I’ve seen several cases where a violation and penalty were avoidable if the dealer paid attention. For example, a dealer had been penalized for not having meter seals on his dispenser out front and for some third-party dispensers he owns. When the inspector later learned that there was a metered cylinder-filling dock attached to the bulk tank out back, he wrote a violation for no seal on that meter. That violation could have been avoided by the dealer extending his experiences with other meters to that one.

Taking responsibility applies to many other situations. Deliveries and cylinder filling are major ones. The person most likely to be intimately involved in a filling incident is the one operating the truck or dispenser because they are right beside the container and at the business end of the hose. It is in their best interest to examine the container for safety before they begin filling it.

We know of instances of both portable and stationary containers taking off like rockets because the bottom blew out while they were being filled. One operator left a 100-lb cylinder laying on its side in the covered bed of a pickup truck while he filled it. He hadn’t checked the bottom of the cylinder for corrosion, and it blew out while being filled, engulfing the covered truck bed and the area around the truck with several gallons of propane that quickly turned to several cubic yards of vapor.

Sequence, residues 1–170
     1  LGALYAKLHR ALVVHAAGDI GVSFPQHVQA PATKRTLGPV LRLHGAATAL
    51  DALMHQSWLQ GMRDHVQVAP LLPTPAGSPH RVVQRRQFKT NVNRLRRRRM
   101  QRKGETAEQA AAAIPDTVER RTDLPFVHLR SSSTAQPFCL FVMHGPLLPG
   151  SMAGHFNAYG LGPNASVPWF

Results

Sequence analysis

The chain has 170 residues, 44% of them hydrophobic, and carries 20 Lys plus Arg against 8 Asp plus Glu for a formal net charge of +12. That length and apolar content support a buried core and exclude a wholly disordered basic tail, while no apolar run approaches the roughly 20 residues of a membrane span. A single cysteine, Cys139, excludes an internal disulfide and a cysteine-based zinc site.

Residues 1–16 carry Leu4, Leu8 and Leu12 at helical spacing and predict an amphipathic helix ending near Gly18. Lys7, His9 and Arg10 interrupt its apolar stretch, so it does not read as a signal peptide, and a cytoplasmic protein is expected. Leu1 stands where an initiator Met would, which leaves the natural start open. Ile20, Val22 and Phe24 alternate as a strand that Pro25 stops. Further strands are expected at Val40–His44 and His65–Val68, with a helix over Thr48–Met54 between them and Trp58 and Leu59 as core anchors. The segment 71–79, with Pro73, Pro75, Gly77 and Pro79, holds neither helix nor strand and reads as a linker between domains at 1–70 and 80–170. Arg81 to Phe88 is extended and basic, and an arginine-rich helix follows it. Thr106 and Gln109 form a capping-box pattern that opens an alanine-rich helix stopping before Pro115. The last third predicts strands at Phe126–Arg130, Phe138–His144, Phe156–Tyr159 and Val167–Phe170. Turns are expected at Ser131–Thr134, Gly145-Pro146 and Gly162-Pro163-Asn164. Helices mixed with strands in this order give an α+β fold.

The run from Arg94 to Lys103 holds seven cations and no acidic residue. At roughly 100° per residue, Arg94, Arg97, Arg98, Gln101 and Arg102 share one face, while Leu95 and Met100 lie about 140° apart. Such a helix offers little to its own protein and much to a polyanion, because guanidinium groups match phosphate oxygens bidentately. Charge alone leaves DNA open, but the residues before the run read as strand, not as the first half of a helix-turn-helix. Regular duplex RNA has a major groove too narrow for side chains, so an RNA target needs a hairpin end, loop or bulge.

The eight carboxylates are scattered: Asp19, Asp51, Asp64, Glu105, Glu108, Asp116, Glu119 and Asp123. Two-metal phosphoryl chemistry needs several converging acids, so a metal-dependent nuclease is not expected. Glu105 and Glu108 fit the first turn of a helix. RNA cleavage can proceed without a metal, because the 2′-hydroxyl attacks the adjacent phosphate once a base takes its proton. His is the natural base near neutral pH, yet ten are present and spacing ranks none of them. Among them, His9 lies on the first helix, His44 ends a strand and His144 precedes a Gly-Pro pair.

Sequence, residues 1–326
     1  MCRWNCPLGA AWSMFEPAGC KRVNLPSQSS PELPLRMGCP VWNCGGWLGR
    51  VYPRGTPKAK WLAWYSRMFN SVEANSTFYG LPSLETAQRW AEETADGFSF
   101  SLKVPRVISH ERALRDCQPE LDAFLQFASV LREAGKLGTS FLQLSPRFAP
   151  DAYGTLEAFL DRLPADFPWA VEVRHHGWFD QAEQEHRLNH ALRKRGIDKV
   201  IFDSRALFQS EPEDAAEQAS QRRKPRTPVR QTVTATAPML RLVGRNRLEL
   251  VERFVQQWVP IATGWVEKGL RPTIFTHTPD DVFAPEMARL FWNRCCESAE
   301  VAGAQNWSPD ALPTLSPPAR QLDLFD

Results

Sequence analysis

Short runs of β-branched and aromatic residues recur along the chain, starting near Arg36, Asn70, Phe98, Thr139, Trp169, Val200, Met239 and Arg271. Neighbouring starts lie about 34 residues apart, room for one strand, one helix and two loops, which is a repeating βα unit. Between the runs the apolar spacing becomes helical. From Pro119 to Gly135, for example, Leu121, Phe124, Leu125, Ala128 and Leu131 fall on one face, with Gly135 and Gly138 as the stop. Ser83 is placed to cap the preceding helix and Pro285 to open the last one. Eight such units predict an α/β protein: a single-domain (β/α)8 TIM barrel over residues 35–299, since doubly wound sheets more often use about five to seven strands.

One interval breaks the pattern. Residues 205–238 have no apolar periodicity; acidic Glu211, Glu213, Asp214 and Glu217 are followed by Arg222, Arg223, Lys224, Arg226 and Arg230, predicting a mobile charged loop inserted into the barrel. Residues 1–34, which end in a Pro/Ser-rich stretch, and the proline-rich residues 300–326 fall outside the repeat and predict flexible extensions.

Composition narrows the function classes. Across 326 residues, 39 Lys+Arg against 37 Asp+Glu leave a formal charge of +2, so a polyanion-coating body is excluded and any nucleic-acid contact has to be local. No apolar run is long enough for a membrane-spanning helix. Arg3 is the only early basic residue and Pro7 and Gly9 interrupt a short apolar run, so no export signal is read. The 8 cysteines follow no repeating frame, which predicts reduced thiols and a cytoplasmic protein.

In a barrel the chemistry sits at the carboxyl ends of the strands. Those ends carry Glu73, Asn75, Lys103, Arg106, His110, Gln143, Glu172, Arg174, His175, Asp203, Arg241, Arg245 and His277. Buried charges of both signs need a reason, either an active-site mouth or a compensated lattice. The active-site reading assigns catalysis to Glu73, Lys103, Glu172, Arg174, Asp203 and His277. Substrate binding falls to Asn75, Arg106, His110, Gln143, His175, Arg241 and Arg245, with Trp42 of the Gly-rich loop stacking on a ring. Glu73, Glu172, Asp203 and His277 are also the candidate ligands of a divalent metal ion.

A driver was killed because the soil under the blocks of a 1000-gal. tank had eroded and the tank came down the hill when the extra weight of the fuel was added. If he had checked the stability of the tank or approached it from above rather than below, he would likely still be with us.

The person doing the filling also takes on some responsibility for customer safety for at least a while. Errors made while filling a cylinder or preparing it for transportation can be life-threatening for the customer. Will the employee take the time to insist on securing the cylinder in an upright position rather than allowing the customer to lay it down in the trunk? The employees must care enough to take their responsibilities seriously.